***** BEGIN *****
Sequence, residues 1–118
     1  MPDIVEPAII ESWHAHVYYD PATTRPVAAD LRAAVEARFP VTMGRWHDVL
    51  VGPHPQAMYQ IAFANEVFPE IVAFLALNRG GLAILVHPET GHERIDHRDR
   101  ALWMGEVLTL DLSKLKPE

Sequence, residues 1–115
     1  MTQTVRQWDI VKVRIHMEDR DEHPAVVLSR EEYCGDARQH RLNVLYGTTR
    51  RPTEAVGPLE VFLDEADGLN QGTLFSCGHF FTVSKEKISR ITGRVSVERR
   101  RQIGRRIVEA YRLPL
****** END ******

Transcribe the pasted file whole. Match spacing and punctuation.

Sequence, residues 1–118
     1  MPDIVEPAII ESWHAHVYYD PATTRPVAAD LRAAVEARFP VTMGRWHDVL
    51  VGPHPQAMYQ IAFANEVFPE IVAFLALNRG GLAILVHPET GHERIDHRDR
   101  ALWMGEVLTL DLSKLKPE

Sequence, residues 1–115
     1  MTQTVRQWDI VKVRIHMEDR DEHPAVVLSR EEYCGDARQH RLNVLYGTTR
    51  RPTEAVGPLE VFLDEADGLN QGTLFSCGHF FTVSKEKISR ITGRVSVERR
   101  RQIGRRIVEA YRLPL